Heal your gut. 

Diet tweaks (detailed below!) will help here, but it’s also important to work on adding in foods and supplements that support a healthy gut. Bone broth, collagen, gelatin, glutamine, and soothing options like aloe and marshmallow root all help to soothe the gut lining. Eating prebiotic-rich foods (think lots of veggies!) and probiotic-rich foods like kefir, kombucha, and fermented veggies will help support your good gut bugs. 


Probiotics, prebiotics, and digestive enzymes may help, but gut issues are sometimes caused by bigger issues, like SIBO (small intestinal bacterial overgrowth), bacterial dysbiosis, or parasites. It’s best to work with a functional medicine practitioner if the basics don’t help. 


Get enough high-quality sleep
Not getting enough sleep is a pervasive issue, especially in the US. But sleep loss leads to inflammation, higher levels of insulin resistance, and even poor food choices. Aim for 7-8 hours of sound, uninterrupted sleep. We know - it’s easier said than done!

Certain supplements may help
 including zinc, berberine, magnesium, selenium, vitamin D, and lactoferrin (present in A2 dairy and some probiotic supplements). Figure out your own nutrient status first before you supplement. 

Limit dairy and other potentially problematic foods, including gluten 

This is another thing that was key for our founder. Dairy is often inflammatory because of the A1 casein found in Holstein cow milk. A2 casein, which is found in goat, sheep, and Jersey cows, often doesn’t cause the same inflammatory response.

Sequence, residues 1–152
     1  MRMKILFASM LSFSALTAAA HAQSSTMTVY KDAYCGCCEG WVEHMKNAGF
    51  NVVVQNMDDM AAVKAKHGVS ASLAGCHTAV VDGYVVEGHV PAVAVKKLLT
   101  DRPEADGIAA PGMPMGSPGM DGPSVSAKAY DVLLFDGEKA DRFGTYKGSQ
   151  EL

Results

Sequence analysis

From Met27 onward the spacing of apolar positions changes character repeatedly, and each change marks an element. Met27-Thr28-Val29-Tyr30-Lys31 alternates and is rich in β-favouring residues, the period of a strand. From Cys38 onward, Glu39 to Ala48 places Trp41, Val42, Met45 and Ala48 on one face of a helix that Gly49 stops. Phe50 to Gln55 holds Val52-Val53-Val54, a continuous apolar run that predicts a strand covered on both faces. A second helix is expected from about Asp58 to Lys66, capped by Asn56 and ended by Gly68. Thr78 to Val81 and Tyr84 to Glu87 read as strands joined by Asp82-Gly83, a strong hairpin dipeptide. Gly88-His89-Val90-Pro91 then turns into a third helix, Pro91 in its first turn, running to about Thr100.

Gluten can cause GI issues, including leaky gut, because of the impact it has on our intestinal lining. 

Practice stress management
Is stress good for anything? Well, maybe running from a tiger. But in our modern world, it does so much more harm than good. It greatly increases inflammation and oxidative stress, raises cortisol (which then depletes certain minerals, like zinc and magnesium, noted above). 

And stress often sends us reaching for the refined carbohydrates and sugar - the very foods that send us on a blood sugar roller coaster and cause downstream issues! Manage your stress by making time for things you enjoy. This might be spending time with friends, using the sauna, getting a massage, reading, practicing meditation, or many other things.